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Vic Eastwood 1941-2019

British motocross has lost one of its greats, as Vic Eastwood passed away on Sunday after a long illness, age 78.

Vic was not only one of the most successful riders this country has ever produced, but a talented test rider and innovative motorcycle engineer, a visionary when it came to spotting the next big thing in motocross, a bike shop owner, sponsor and supporter of many riders, and proud dad of two successful racers, Mark and Scott Eastwood. He is also survived by his wife Ann, who was Vic’s rock and unwaveringly supported him, and the family, at motocross events for decades.

Vic at speed on his Matchless

Vic’s interest in bikes was down to his father who was a keen motorcyclist in the 1950, competing in the Isle of Man TT, as well as  trials and scramble events. Vic showed a keen interest and showed he had the ability when his father gave him his BSA 500 Gold Star.

Vic’s racing heyday was in the mid 1960s when he won the Motocross des Nations as part of team GB three years in a row. His first win was in 1965 at Namur alongside Arthur Lampkin and Jeff Smith, then at Remalard in France alongside Dave Bickers and D.J. Rickman, and again a year later at Markelo in Holland with Bickers and Smith. That team victory in 1967 was a milestone as Vic won the event outright and beat the Dutch and Belgians in their own backyard on their preferred terrain, deep sand.

The style of a champion, riding for CCM

He finished fourth in the 500cc world motocross championship in 1965 on a works BSA and led the championship several times.

One of his crowning glories was winning the muddy 1968 British 500 GP at Farleigh Castle on a 420 Husqvarna. He won the first race then took third in the second with a rear puncture to take the overall.

In 1969 Vic was a real contender for the world title but unfortunately badly broke his leg at Hawkstone Park while competing in one of the popular BBC Grandstand televised races. He’d had huge successes at these massively popular events which made him a household name.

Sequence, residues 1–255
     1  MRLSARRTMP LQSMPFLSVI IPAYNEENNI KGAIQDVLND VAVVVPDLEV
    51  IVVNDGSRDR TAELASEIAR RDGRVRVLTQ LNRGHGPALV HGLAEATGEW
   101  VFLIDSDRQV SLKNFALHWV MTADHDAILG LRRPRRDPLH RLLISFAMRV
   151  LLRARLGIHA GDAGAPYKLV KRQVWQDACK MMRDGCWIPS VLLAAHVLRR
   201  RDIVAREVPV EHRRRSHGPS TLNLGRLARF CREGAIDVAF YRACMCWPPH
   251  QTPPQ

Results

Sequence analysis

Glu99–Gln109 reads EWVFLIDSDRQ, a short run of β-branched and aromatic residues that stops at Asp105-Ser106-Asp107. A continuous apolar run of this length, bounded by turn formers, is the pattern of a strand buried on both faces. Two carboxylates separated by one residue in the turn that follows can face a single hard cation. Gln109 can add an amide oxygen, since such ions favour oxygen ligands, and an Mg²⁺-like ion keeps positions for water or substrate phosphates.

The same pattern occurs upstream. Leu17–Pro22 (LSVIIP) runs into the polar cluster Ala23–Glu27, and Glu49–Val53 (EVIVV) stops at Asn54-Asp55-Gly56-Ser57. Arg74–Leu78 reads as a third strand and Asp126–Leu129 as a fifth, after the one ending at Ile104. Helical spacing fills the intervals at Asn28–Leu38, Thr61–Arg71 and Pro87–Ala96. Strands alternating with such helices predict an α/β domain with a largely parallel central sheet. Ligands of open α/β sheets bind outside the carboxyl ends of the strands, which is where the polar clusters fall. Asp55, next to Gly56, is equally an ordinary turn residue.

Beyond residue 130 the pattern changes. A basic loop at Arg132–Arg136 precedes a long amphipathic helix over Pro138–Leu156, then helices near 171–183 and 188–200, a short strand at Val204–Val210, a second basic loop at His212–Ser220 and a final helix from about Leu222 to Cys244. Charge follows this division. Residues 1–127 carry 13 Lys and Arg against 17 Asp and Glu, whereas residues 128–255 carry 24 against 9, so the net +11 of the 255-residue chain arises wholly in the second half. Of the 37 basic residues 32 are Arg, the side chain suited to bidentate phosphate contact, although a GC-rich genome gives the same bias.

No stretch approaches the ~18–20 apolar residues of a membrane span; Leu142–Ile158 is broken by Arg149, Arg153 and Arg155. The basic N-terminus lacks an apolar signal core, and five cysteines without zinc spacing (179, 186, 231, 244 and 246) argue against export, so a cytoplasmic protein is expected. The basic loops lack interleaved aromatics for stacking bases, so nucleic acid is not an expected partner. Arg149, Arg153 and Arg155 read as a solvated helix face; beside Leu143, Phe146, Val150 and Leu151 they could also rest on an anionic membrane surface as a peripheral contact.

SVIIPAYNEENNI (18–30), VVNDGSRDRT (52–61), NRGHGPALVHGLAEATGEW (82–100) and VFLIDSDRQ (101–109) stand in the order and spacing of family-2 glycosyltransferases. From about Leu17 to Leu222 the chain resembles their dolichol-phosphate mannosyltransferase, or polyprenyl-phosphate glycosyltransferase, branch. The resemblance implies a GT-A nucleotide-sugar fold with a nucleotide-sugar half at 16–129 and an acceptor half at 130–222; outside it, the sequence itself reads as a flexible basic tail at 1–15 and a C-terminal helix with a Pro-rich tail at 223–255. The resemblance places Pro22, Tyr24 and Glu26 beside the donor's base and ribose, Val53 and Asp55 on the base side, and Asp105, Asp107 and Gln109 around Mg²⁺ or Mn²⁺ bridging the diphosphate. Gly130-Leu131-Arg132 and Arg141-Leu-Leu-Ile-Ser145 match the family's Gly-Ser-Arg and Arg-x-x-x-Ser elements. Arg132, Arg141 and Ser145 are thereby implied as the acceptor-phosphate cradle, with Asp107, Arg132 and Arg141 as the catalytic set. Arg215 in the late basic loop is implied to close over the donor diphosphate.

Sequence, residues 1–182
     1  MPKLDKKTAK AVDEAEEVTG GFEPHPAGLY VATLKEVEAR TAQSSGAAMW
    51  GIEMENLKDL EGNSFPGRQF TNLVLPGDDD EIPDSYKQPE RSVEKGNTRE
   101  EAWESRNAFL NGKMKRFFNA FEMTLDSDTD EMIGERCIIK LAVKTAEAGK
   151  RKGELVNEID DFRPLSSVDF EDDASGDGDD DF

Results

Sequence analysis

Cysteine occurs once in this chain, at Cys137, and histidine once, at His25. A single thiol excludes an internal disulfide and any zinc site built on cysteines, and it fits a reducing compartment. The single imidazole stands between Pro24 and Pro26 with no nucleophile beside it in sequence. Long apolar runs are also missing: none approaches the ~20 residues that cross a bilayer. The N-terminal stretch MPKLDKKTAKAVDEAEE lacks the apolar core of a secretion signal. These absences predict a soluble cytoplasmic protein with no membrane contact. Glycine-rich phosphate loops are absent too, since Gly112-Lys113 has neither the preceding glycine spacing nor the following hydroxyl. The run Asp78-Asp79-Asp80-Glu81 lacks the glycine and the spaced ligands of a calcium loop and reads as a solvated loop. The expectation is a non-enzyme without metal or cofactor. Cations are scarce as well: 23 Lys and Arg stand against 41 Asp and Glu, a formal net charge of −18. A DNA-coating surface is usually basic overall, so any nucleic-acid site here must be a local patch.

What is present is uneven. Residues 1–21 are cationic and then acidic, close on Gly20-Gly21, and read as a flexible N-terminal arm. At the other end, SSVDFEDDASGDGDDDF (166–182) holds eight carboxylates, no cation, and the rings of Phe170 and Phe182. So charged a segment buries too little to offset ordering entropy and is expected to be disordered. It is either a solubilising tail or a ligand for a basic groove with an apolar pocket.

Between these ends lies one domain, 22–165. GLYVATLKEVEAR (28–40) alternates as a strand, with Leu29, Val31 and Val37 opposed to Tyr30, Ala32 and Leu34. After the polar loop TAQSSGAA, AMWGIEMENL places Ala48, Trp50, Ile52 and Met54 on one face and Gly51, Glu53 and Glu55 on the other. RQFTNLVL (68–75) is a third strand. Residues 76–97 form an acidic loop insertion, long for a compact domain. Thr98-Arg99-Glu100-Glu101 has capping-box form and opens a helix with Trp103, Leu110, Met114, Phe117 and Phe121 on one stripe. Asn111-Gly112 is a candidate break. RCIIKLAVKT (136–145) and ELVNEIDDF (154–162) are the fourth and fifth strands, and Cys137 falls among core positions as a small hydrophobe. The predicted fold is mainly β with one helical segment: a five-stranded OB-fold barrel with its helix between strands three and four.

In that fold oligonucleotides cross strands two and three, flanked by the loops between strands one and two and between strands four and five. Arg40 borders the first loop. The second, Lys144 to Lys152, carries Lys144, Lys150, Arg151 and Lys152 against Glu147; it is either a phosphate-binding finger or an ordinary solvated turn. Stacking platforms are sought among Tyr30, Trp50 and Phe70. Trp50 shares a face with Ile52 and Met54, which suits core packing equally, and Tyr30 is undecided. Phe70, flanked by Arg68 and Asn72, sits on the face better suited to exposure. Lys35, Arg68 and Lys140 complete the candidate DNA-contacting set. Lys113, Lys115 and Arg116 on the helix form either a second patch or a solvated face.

He also competed through the 1970s and raced against fellow greats like Roger De Coster and Joel Robert, with some legendary battles at the British GP at the now defunct Dodington Park.

Vic goes for it at Canada Heights

Vic was second in the British championship a staggering eight times, narrowly missing the title by a handful of points on several occasions.

Vic was always at the forefront of pushing motocross technology and rode many different bikes during his career. Although he spent successful years on BSA and Matchless four-strokes, he was quick to adapt to two-strokes like the Husqvarnas as he sought to improve and set new levels of race technology.

He was heavily involved with one of the first ever aluminium-frames bikes, the VE Hagon Suzuki and Yamaha, and helped put CCM on the route to success with his riding and development. But it was when Honda moved into production motocross bikes that Vic saw the future and was instrumental in bringing the Japanese dirt bikes to the UK.

He stayed loyal to Honda and his family business, Vic Eastwood Motorcycles, is still a premier Honda dealer based in Kent near the Canada Heights circuit – a track Vic was also involved in supporting.

Vic with his son Mark’s CR500 in the GP paddock in 1990

The shop has now been open for 45 years. Vic started it while still racing professionally, which he did until 1979. He became a main Honda dealer in 1980 and has been the Wiseco importer since the 1980s.

The business is now managed by his son Mark – a former GP and AMA racer an ex British Motocross of Nations team manager – who tunes the suspension for Honda’s No1 motocross team in the UK.

Vic was a fearsome competitor on the track, but off it was one of the most liked and approachable people in the paddock who was always keen to offer help and advice – a true gentleman. He supported many up and coming racers, and many have already paid tribute.

Former British 125 champion and ex factory Cagiva rider Paul Hunt said: “Rest in peace Vic. A great guy, rider and engineer.”

Former GP racer Perry Leask, whose father helped Vic when he switched to Husqvarna, said: “So sorry to hear the very sad news that Vic Eastwood has passed away. He was a really lovely man. A motocross legend who I have many fond memories as a child, watching him on my father’s Husqvarna bikes when we travelled in Europe. My thoughts are with Anne, Scott, Mark and family.”

Our thoughts are with his wife Ann, sons Mark and Scott, and all his family and friends at this difficult time.